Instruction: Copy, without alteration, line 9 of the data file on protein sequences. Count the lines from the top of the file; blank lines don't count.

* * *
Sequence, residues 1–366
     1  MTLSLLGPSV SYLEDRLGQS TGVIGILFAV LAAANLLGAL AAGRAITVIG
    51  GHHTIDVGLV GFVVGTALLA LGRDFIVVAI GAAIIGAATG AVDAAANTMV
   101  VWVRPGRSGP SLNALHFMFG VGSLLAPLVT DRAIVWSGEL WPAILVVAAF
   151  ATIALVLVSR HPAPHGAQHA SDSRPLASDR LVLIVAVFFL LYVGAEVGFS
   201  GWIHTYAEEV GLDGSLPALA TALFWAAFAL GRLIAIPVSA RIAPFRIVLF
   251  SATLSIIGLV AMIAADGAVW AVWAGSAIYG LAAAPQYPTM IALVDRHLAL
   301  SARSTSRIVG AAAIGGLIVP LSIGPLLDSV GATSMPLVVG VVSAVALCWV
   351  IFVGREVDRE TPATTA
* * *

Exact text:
   351  IFVGREVDRE TPATTA